“If you are splashing around with a bunch of guys who are 93 percent white, an average of 45.62 years old and look as if they’ve done this before, you must be swimming in the studio directors’ pool,” wrote Michael Cieply in yesterday’s (8.23) N.Y. Times.

“Such is the profile of studio filmmakers, based on a survey of those who directed the 85 or so live action movies that have been released, or will be, in 2009 by the six biggest film companies — Paramount Pictures, Sony Pictures Entertainment, 20th Century Fox, Universal Pictures, Walt Disney Studios and Warner Brothers.

Cieply’s tally “does not count animated films, which are born by a different, more collaborative process, or the independent-style movies released by specialty divisions like Fox Searchlight Pictures or Focus Features.

“Rather, it is a scan of what is on the big studio schedules: comedies like The Hangover from Todd Phillips and I Love You, Man from John Hamburg; action films like Fast & Furious from Justin Lin and Transformers: Revenge of the Fallen from Michael Bay; and the increasingly rare drama, like Shutter Island, which was on tap for October from Martin Scorsese (but has just been moved into 2010).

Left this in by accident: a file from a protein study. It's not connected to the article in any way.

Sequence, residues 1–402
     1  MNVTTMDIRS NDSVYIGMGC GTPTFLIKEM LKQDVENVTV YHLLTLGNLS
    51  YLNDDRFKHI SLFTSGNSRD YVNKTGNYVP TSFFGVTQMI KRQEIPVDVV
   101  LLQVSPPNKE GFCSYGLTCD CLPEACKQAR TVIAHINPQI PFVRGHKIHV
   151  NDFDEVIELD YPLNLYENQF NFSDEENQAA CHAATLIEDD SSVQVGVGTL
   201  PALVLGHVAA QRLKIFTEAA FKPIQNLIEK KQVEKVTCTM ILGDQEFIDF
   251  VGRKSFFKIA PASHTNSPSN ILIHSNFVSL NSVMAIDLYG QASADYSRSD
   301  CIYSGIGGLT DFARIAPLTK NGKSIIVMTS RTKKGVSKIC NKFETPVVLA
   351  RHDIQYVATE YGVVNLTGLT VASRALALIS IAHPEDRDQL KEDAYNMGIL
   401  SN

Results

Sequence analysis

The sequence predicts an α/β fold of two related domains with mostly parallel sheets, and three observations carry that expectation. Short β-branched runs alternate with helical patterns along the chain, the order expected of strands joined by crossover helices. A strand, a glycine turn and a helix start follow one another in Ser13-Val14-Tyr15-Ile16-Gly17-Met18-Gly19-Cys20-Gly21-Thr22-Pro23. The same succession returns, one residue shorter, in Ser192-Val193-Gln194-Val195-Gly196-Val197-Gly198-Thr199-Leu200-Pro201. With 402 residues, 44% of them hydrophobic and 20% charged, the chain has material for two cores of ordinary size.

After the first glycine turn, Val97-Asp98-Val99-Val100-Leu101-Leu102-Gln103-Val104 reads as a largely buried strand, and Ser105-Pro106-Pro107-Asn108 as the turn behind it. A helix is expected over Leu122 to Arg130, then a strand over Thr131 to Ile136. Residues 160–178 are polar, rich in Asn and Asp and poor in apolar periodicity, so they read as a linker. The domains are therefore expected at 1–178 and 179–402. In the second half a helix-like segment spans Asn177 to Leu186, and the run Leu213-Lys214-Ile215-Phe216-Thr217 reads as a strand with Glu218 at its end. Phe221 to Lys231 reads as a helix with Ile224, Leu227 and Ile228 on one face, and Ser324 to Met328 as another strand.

“What the count shows is that Hollywood directors are pretty much what they have always been: a small brotherhood of highly skilled craftsmen — more than 90 percent this year are men — who could hit or miss with any given film, but who tend to have solid experience. This year’s directors appear to have made 6.1 movies, on average — and probably have more in common with one another than with the increasingly diverse population around them.

“There’s no single process or pattern for deciding who will direct any given picture. The choices are born of an often awkward consensus among executives and producers, with plenty of lobbying from agents and occasional input from the movie’s stars. A filmmaker might write an attractive script and then insist on directing it as a condition of sale, or could simply be hired based on a great track record.

“Though Hollywood’s power structure remains heavily white, it has opened the ranks to far more women in recent years. But that shift does not yet appear to have changed the makeup of the studio directing pool.”